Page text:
- The atmosphere of our homes is formed out of the ideas that rule our lives as parents. There is no getting over the fact that our homes will reflect what's important to us and that those ideas will be like the very "air" of our kids lives. It will be part of them before they are aware even that it exists. Have you ever stepped into a place and gasped quietly at the holiness that surrounded you? Without seeing a person or hearing word spoken, but just in the atmosphere around you, there was holiness. That's my goal for our home. I bet it was like that in Therese Martin's home. And I hope it will be in mine.
- Atmosphere is only part, not all, of a child's education. We must give the discipline of good habits and the living ideas of a generous curriculum. Our next book study will be all about the discipline of good habits and we are working on creating a generous curriculum of living ideas for Serendipity next fall. But I think something worth mentioning here is that the people who questioned the notions of atmosphere mentioned here were intuiting that the pursuit of the perfect atmosphere was a single-pronged goal, when in truth, it is part of a much bigger picture. But it is a valid part, and there is atmosphere either way. Our kids breathe the air of our home, whatever it is. Seeking order, comfort and loveliness is our way of insuring that the air they breathe is of the highest quality. We take the life-giving air of our faith and filter out any allergens and pollutants that may have gathered in it so that what our families breathe is pure and healthy.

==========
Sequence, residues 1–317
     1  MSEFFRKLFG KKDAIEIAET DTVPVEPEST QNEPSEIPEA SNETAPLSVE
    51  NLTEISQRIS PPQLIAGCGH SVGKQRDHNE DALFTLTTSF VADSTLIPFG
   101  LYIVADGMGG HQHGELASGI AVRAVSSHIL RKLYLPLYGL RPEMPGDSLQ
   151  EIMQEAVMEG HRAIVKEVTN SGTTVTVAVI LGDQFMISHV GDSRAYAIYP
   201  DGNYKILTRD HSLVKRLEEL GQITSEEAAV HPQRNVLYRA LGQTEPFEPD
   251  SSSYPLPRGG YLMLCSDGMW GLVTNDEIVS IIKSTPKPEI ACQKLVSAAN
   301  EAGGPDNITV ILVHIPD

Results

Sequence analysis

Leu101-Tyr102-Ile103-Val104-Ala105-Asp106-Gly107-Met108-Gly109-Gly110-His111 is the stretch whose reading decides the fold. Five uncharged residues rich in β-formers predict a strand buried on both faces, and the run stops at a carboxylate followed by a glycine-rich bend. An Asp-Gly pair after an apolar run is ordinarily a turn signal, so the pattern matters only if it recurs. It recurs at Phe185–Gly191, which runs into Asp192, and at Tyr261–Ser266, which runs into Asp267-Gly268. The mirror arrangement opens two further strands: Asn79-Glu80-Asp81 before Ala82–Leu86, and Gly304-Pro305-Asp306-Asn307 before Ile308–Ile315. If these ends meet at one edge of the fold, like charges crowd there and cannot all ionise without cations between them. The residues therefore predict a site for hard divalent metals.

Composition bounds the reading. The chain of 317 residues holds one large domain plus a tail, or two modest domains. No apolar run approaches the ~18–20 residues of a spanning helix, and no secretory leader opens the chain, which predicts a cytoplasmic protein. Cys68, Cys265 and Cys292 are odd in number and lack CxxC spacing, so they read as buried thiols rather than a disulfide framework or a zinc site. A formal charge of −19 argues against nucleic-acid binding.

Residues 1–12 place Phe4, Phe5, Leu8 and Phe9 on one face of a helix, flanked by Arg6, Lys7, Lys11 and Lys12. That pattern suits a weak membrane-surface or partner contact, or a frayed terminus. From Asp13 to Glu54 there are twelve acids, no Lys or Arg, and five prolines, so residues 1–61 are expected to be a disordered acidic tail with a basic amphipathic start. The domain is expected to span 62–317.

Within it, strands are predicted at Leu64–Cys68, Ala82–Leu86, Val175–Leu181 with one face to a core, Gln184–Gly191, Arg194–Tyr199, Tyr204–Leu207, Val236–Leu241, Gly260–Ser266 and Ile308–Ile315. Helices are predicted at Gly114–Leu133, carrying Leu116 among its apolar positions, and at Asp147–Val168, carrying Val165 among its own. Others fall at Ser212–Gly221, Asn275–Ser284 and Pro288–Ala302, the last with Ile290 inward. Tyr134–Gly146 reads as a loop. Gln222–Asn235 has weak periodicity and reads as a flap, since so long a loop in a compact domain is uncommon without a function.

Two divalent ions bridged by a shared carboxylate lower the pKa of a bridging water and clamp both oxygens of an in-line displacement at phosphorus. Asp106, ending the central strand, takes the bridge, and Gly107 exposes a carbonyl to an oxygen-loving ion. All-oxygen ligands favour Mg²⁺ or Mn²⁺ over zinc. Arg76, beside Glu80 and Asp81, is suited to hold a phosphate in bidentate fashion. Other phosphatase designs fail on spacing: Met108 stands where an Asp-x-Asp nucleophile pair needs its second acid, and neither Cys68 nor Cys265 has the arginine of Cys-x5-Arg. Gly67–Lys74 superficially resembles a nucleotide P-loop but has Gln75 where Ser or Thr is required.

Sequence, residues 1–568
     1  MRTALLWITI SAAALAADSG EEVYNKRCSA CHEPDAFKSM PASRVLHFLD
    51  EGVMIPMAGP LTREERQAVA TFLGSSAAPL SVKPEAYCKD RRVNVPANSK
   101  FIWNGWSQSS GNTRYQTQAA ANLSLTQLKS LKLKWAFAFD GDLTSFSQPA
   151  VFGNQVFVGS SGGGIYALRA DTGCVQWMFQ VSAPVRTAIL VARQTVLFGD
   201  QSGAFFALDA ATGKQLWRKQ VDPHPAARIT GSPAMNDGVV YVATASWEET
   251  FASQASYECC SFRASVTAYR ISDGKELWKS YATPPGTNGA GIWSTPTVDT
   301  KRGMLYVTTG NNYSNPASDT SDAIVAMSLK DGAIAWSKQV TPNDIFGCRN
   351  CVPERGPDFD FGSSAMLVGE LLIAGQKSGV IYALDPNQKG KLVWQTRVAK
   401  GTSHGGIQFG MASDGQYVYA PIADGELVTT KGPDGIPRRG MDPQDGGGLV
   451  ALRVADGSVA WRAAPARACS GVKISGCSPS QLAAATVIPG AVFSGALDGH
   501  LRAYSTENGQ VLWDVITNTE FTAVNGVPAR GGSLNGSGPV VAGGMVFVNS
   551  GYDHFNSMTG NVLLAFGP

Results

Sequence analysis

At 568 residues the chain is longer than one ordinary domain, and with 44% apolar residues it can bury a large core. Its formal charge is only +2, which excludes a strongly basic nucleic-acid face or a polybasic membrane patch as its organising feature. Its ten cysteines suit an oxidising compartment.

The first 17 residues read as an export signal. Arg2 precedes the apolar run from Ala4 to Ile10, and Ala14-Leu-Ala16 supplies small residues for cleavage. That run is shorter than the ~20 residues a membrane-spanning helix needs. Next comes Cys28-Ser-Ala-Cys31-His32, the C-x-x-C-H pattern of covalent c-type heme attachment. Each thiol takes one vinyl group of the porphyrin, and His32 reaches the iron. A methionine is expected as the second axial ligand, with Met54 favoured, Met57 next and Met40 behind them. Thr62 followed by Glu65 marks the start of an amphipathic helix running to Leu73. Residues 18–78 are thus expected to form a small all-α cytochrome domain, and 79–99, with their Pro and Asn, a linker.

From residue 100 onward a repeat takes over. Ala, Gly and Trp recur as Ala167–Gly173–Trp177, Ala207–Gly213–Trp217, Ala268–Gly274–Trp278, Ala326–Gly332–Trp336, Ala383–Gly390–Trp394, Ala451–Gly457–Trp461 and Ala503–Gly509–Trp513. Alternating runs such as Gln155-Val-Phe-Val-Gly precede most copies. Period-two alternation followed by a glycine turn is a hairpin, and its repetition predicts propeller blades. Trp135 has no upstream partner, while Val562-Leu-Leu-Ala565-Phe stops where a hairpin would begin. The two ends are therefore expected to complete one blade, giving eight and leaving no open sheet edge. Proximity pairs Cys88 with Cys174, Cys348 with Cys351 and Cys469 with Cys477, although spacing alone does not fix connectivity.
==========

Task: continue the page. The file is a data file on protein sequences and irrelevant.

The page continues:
- The atmosphere of home should encourage freedom under authority and obedience. Well, I'll be chewing on that one for a while.
Charlotte Mason wrote: "But due relations must be maintained; the parents are in authority,the children in obedience; and again, the strong may not lay the burdens on the weak; nor must we expect from children that effort of decision, the most fatiguing in our own lives, of which the young should generally be relieved." (quoted in Education is, 13)
I know we'll talk more about this one later, but initially, I think it is a noble and beautiful thing to think on obedience as a gift we give our children. We carry the burden of authority. We shoulder the worry and concern over their moral, spiritual, physical, and intellectual development. We shudder at the influences we strive to shut out while they continue on, blissfully unaware. These burdens are not theirs to shoulder. It is obedience that frees them to be children. When we leave them to decisions that are our own to make or leave room for negotiation, or worse yet, give in to the tyranny of their emotional reactions, they are not happier--they are fretful, confused, and anxious. Obedience is not a demand we make on poor unsuspecting creatures, it is a gift we give the ones we love, the gift of a free childhood, consumed with childish thoughts and dreams and imaginings, not the cares and concerns of the adult world.
Well, keep reading. Summer has just begun!